Advanced Placement Information
Advanced Placement (AP) is an international program. The program offers college-level rigorous courses and examinations. Valley High School currently offers 24 classes to prepare students for the examinations each May. Advanced Placement coursework and examination scores are used for college admissions and acceleration. College credit is granted if an acceptable score has been earned on an Advanced Placement examination given in May. Each exam has a cost that will be incurred by the student.
There are many factors to consider when deciding on advanced classes, but you should start with the recommendation of teachers. They may not be able to give you a definitive answer, but they can help you weigh your options.
- AP classes are challenging and help prepare students for more academically rigorous college classes.
- AP classes sharpen students’ writing skills, critical thinking skills, and problem-solving abilities, which helps them in all classes.
- Strong performance in an AP class signals to admissions counselors that a student is ready for college.
- Students can potentially earn college credit, get a jump start on first-year requirements, graduate early, or have room in their schedule to add a second major or minor. (AP policies vary widely from school to school.)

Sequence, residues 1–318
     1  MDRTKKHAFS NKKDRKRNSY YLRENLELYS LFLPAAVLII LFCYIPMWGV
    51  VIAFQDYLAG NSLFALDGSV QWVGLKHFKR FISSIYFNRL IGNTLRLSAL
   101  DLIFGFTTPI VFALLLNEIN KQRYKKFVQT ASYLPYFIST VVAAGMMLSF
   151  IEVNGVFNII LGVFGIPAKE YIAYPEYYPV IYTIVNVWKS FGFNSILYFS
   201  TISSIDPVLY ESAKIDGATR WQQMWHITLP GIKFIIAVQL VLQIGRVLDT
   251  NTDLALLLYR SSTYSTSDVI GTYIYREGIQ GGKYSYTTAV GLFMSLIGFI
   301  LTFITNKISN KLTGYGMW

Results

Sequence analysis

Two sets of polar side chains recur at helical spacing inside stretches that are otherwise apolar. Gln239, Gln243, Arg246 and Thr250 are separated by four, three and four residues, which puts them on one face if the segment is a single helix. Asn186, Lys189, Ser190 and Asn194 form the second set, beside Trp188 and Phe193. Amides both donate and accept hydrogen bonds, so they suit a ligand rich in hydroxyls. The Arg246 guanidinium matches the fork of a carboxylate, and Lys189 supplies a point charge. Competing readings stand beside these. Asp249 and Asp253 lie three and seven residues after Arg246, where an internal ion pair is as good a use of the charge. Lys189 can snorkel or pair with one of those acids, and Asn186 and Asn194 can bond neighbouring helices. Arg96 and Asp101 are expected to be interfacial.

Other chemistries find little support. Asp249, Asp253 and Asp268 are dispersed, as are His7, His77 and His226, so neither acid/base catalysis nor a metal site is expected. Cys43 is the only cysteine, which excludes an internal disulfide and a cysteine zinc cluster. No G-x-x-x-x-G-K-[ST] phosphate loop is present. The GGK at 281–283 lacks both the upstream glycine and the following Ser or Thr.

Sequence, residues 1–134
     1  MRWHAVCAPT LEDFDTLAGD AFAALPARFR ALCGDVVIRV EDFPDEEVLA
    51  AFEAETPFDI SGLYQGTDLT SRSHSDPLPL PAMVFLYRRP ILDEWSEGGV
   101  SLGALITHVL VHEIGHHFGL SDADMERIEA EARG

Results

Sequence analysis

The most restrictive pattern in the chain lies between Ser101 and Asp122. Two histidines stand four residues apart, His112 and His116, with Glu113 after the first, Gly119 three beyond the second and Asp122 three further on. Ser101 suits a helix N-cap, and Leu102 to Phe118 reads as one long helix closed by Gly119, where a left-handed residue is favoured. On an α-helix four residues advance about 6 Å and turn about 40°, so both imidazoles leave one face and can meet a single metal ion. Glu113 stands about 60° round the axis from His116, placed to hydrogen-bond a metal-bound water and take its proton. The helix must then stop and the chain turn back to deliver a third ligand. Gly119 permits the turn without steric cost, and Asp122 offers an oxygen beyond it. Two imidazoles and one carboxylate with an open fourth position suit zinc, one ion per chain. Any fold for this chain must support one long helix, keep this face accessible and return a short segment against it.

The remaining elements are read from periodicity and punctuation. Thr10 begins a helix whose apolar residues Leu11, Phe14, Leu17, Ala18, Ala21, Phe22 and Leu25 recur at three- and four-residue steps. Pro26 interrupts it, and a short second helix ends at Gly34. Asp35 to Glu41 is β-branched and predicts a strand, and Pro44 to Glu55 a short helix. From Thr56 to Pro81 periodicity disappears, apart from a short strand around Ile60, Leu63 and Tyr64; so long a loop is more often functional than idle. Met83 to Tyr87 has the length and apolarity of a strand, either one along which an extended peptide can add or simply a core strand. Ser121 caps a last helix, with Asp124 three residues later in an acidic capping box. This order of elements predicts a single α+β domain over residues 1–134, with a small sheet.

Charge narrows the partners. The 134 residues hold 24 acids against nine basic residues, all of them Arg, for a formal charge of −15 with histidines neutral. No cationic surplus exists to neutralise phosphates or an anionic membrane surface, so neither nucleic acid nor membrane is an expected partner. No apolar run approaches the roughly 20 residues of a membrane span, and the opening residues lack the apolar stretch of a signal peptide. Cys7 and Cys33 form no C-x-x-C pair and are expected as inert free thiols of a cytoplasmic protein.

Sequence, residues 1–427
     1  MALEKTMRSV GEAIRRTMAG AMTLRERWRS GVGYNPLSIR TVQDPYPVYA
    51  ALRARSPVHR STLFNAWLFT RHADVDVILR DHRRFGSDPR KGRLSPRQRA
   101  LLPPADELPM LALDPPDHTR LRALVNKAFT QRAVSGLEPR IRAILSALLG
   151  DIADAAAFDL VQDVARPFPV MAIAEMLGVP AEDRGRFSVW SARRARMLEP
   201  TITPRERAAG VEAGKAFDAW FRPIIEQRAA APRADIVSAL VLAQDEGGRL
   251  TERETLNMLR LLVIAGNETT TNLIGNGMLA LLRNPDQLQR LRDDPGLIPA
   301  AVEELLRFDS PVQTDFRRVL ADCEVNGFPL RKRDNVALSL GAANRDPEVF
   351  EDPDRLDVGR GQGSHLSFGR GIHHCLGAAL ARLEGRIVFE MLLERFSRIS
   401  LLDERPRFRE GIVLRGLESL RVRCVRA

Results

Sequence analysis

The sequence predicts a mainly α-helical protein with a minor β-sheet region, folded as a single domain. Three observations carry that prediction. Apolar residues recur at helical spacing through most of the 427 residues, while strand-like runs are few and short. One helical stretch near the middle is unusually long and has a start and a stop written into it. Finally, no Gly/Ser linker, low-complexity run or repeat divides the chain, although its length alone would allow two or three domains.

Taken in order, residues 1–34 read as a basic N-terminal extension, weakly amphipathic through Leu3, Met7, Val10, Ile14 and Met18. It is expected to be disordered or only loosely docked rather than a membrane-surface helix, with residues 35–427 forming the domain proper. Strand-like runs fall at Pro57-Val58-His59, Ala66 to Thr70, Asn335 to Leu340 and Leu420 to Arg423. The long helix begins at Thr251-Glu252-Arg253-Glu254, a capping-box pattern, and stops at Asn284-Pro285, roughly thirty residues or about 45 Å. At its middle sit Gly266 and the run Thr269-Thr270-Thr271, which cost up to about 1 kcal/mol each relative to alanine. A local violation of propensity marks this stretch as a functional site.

- AP classes can improve a student’s GPA. AP classes are scored on a 4.5 scale rather than the standard 4.0 scale, which can enhance a students’ cumulative GPA. Students who take the AP exam in May will receive an additional .5 bonus, meaning they'll be graded on a 5.0 scale. This is called a weighted GPA.
Another important tool that can help with this decision is Characteristics of Effective Learners. Download the PDF and answer the 15 questions with your student.
- Coursework is time-consuming and may impact time dedicated to non-AP courses and other non-curricular activities.
- There is a cost to take the exam at the end of the year. ($97 in 2023.) Additional fees apply when signing up late, dropping a test after the ordering deadline, or rescheduling exams, in certain circumstances.
- If an AP class is a dual credit class (meaning a student simultaneously earns DMACC credit as well as VHS credit), a college transcript is started for a student. This college transcript must be submitted when applying to any future college or university. Poor performance in the class must then be reported on a college transcript.
- No two colleges award credit for AP classes/exams the same way, which means some will not award credit.
Yes, but with caution. With the extra time and effort associated with AP classes, students must consider the time commitment and stress load of taking multiple AP classes.
No, but it is highly advised to take the Advanced Placement exam as a culmination of the AP course curriculum.
Starting with 2022-2023 school year, students will automatically receive a .5 weighting for taking an AP course. If the student takes the associated AP exam in May 2023, they will be awarded an additional .5 weighting for the class.
Regardless of exam participation, a student's transcript will reflect the title of the AP course they enrolled in.